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Fun Sensory Play Therapy for Sensory Processing Disorder (SPD) children

Craving bear hugs, to feel the need to be touched and to touch, rocking forward and back on fours, uncontrollable screams, meltdowns, pulling and teeth clenching. These are the many faces of Sensory Processing Disorder (SPD)

Sensory Processing Disorder is a condition in which the brain has trouble receiving and responding to information that comes through its senses. This in turn brings a great challenge in following daily routines and doing certain tasks.

Children with SPD are often misunderstood because of sensory differences that cause extreme emotion and the lack thereof. Taste, smell, sound, or even a single touch cause them to throw a fit. Kids with sensory disorders could also exhibit unresponsiveness to pain or even cold, which is why sensory play activities could greatly benefit children experiencing sensory issues because sensory play improves coordination of a child’s senses and also improves social and motor skills.

Sensory Processing Disorder up close 

Every child is gifted with a brain that is exceptionally different from one another. While it is said that every child is different, it is important to learn whether your child has sensory processing challenges and what activities would help in addressing those challenges. Sensory Processing Disorder  can be broken down into several categories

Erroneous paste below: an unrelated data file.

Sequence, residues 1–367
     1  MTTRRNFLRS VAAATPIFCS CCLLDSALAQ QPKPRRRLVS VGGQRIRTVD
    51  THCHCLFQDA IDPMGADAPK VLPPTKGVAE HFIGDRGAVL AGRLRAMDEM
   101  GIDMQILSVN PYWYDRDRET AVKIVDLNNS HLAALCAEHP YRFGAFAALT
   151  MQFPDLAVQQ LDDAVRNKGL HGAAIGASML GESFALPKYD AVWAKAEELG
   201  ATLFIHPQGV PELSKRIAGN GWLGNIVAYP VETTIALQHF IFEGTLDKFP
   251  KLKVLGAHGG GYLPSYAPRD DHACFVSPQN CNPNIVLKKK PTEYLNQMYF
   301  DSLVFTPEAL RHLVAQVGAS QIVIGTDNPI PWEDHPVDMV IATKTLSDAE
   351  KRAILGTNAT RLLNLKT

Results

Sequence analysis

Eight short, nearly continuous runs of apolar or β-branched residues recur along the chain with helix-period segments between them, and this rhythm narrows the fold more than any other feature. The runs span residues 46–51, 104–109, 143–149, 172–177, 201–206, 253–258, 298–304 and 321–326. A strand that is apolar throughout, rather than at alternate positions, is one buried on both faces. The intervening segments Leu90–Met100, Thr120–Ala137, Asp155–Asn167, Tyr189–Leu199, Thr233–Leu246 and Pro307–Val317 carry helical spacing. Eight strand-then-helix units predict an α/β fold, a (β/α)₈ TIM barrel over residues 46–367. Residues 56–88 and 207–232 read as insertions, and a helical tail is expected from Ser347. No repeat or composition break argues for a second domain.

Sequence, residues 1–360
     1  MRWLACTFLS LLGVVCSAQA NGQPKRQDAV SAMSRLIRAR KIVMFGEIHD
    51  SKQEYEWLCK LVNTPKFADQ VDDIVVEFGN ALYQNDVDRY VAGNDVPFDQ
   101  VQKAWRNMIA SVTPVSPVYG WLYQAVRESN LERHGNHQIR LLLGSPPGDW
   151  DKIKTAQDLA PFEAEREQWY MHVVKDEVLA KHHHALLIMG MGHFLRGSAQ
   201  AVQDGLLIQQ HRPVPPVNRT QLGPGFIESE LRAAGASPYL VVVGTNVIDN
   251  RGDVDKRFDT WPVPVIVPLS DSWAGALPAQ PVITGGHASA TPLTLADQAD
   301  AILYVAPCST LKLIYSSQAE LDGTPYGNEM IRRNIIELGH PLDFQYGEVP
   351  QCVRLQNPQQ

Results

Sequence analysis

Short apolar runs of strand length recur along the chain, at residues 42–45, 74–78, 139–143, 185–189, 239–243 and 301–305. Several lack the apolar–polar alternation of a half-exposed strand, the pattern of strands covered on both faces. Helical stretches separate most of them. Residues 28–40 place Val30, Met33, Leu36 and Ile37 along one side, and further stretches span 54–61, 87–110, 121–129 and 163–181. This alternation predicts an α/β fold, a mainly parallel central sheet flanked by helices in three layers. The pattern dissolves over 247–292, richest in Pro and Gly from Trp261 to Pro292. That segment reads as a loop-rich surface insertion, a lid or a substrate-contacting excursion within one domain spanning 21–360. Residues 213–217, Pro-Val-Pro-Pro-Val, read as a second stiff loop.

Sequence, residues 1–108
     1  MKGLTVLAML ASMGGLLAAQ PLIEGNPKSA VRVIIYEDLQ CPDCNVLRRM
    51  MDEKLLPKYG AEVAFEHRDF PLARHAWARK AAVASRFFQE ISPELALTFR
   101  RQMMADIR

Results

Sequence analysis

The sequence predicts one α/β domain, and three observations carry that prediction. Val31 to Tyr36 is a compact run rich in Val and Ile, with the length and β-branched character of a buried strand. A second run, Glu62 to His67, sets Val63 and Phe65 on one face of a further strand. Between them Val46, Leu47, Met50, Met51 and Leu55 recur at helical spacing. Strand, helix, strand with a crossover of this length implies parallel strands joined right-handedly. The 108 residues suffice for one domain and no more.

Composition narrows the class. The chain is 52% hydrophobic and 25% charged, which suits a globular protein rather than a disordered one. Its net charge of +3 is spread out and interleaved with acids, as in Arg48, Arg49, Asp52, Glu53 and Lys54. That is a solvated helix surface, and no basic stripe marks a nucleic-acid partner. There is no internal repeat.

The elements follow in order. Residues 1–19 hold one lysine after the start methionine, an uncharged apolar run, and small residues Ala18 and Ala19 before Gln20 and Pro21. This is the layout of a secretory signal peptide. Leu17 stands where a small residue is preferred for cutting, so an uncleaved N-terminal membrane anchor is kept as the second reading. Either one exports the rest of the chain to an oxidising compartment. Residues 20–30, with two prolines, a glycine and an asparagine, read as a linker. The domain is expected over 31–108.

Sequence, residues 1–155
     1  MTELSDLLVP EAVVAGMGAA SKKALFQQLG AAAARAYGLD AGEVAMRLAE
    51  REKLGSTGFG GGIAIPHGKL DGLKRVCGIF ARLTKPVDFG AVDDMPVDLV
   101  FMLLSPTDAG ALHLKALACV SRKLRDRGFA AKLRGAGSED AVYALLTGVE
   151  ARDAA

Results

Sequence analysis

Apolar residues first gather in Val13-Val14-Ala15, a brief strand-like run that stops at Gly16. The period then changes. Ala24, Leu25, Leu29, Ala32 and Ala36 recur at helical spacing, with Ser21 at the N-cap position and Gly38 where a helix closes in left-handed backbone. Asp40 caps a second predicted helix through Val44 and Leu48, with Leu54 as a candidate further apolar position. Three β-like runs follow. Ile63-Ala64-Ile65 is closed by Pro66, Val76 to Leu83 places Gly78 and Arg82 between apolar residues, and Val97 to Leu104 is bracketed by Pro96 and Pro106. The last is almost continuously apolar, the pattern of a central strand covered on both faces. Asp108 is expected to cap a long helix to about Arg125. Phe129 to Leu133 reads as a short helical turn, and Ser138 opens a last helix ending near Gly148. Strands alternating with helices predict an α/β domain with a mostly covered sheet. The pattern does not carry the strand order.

1. Sensory Modulation Disorder 

Seeking little to no stimulation. They avoid touching or being touched. They get agitated by sudden or unexpected movement.

Craving for persistent stimulation. They are always on the move, they adore fast movement and they literally get their hands on anything. They favor being squeezed, pressed, and touched. A child may also show very unusual ways of responding to what they see, hear, and even touch.

2. Sensory Based Motor Problems 

Postural Disorder A child with Postural Disorder has low energy. They are weak and have decreased body awareness and have trouble balancing altogether. They find it hard to use both sides of their body and coordinating their body parts proves to be a highly daunting task.

Motor Planning Problems/Dyspraxia 

People with Dyspraxia have challenges in performing a motor task. They find it hard to plan and decide what they want to do or where to go. You could also find them frazzled, clumsy, and also more likely to get into accidents. Active play is not something they like, and would most likely be found doing stationary activities.

Here are typical behaviors that reflect sensory processing issues: 

  • Often have poor balance
  • They don’t like unexpected movements and light
  • Bumping and crashing into people and hard objects
  • Have a high threshold for pain or oversensitivity to it
  • Cannot stay still and would always be spinning or jumping

Not being able to process information from all the senses is the common factor of all these categories, and that is where sensory play would greatly help. Designed as a creative and fun way to get the child to engage all his senses.It trains them how to handle sensory input.

Unlocking the Power of Sensory Play 

It’s no mystery what the power of play can do to a child. Sensory play allows a child to exercise his imagination, learn and be aware of anything and everything around them.